Concatenate 3 single-output models such that the covariance data from the 3 models combine to produce the covariance data for the resulting model.

Construct a state-space model.

a = [-1.1008 0.3733;0.3733 -0.9561];
b = [0.7254 0.7147;-0.0631 -0.2050];
c = [-0.1241 0; 1.4897 0.6715; 1.4090 -1.2075];
d = [0 1.0347; 1.6302 0; 0.4889 0];
sys = idss(a,b,c,d,'Ts',0);

Generate multi-output estimation data.

t = (0:0.01:0.99)';
u = randn(100,2);
y = lsim(sys,u,t,'zoh');
y = y +  rand(size(y))/10;
data = iddata(y,u,0.01);

Estimate a separate model for each output signal.

m1 = ssest(data(:,1,:),2,'feedthrough',true(1,2), 'DisturbanceModel', 'none');
m2 = ssest(data(:,2,:),2,'feedthrough',true(1,2), 'DisturbanceModel', 'none');
m3 = ssest(data(:,3,:),2,'feedthrough',true(1,2), 'DisturbanceModel', 'none');

Combine the estimated models while also translating the covariance information.

f = @(x,y,z)[x;y;z];
M2 = translatecov(f, m1, m2, m3);

The parameter covariance is not empty.

getcov(M2, 'factors')
ans = 

  struct with fields:

       R: [36x36 double]
       T: [24x36 double]
    Free: [90x1 logical]

If you combine the estimated models into one 3-output model directly, the covariance information is lost (the output of getcov is empty).

M1 = [m1;m2;m3];
getcov(M1)
ans =

     []

Compare the confidence bounds.

h = bodeplot(M2, m1, m2, m3);
showConfidence(h);

The confidence bounds for M2 overlap with those of m1, m2 and m3 models on their respective plot axes.

Consider a closed-loop feedback model consisting of a plant and controller. Translate the parameter covariance of the plant to the closed-loop feedback model.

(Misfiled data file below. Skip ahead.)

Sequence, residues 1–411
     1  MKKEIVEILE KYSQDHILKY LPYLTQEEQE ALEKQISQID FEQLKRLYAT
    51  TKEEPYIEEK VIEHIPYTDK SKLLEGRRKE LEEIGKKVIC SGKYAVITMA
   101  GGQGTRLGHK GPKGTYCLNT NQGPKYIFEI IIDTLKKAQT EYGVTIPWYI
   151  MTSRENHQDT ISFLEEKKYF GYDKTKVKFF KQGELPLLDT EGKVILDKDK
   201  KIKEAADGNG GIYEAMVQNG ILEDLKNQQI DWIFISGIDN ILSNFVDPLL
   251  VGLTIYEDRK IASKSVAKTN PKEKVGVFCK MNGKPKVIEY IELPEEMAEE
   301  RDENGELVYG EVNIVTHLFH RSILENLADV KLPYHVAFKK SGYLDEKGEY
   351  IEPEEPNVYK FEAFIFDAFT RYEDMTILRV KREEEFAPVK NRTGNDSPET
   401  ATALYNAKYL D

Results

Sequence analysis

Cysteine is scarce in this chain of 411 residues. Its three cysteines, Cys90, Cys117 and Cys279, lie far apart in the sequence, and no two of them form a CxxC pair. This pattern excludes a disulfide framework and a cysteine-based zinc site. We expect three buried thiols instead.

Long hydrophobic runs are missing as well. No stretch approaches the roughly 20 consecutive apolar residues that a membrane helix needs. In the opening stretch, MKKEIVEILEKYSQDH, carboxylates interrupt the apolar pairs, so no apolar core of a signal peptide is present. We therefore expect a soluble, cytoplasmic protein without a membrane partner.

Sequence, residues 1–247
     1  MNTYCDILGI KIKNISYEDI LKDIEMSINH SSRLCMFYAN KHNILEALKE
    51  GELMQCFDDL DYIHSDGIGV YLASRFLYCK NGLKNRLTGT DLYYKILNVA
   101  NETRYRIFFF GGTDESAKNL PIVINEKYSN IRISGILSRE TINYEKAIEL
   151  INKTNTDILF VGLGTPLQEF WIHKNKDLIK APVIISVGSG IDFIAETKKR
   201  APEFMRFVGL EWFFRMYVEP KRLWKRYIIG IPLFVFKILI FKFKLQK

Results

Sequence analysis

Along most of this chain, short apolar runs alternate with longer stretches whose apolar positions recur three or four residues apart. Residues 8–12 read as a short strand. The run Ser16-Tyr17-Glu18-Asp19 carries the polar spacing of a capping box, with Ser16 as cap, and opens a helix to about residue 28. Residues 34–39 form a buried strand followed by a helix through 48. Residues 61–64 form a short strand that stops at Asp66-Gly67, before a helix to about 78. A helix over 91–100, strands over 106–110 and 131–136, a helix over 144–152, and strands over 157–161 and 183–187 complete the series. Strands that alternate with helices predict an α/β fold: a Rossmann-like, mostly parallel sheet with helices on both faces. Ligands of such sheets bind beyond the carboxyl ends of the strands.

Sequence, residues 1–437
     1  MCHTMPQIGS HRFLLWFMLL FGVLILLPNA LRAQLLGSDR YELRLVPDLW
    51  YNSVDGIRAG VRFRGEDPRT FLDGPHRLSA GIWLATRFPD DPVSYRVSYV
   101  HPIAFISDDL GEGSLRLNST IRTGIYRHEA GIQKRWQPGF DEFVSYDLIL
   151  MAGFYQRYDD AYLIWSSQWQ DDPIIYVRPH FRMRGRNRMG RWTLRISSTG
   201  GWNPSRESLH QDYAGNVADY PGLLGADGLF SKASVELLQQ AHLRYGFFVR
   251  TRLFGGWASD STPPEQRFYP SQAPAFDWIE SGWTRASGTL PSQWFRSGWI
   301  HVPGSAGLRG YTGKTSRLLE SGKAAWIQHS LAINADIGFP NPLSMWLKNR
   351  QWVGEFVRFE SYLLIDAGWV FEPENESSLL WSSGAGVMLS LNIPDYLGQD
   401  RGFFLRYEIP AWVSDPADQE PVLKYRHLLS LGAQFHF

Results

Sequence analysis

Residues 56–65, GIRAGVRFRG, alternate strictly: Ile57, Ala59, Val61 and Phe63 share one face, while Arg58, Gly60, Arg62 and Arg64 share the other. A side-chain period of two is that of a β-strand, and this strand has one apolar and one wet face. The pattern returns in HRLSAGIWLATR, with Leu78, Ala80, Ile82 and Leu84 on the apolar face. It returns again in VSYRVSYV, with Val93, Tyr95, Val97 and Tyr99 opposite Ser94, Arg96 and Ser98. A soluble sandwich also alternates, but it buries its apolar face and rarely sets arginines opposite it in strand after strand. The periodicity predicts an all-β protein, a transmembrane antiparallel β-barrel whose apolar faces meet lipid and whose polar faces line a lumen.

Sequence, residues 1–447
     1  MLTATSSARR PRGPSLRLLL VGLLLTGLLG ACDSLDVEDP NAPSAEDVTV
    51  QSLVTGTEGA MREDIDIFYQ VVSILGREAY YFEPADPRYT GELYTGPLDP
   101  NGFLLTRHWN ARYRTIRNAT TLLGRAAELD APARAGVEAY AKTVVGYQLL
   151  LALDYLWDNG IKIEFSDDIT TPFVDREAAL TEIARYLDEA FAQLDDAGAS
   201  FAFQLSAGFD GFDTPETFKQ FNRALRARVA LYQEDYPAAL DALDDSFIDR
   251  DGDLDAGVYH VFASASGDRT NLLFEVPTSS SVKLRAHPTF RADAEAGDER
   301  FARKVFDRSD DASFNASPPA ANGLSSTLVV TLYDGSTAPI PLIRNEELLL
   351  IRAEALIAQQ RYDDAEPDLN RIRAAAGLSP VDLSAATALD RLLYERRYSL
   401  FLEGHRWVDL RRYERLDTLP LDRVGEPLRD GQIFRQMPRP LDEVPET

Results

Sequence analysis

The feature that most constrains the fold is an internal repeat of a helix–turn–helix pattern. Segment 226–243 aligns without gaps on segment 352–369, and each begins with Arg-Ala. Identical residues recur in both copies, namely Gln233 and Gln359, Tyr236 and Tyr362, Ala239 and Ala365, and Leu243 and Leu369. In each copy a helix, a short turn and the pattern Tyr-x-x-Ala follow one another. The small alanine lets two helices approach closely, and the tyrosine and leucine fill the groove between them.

Estimate a plant as a fourth-order state-space model using estimation data z1.

load iddata1 z1
Plant = ssest(z1,4);

Plant contains parameter covariance information.

Create a controller as a continuous-time zero-pole-gain model with zeros, poles, and gain equal to -2, -10, 5, respectively.

Controller = zpk(-2,-10,5);

Define a transformation function to generate the closed-loop feedback state-space model.

fcn = @(x,y)idss(feedback(x,y));

Translate the parameter covariance of the plant to the closed-loop feedback model.

sys_new = translatecov(fcn,Plant,Controller);

sys_new contains the translated parameter covariance information.

Plot the frequency-response of the transformed model sys_new, and view the confidence region of the response.

h = bodeplot(sys_new);
showConfidence(h);

The plot shows the effect of the uncertainty in Plant on the closed-loop response.

Tips

  • If you obtained sys through estimation and have access to the estimation data, you can use zero-iteration update to recompute the parameter covariance. For example:

    load iddata1
    m = ssest(z1,4);
    opt = ssestOptions
    opt.SearchOption.MaxIter = 0;
    m_new = ssest(z1,m2,opt)
    

    You cannot run a zero-iteration update in the following cases:

    • If MaxIter option, which depends on the SearchMethod option, is not available.

    • For some model and data types. For example, a continuous-time idpoly model using time-domain data.

Algorithms

translatecov uses numerical perturbations of individual parameters of sys to compute the Jacobian of fcn(sys) parameters with respect to parameters of sys. translatecov then applies Gauss Approximation formula cov_new=J×cov× JT to translate the covariance, where J is the Jacobian matrix. This operation can be slow for models containing a large number of free parameters.

Introduced in R2012b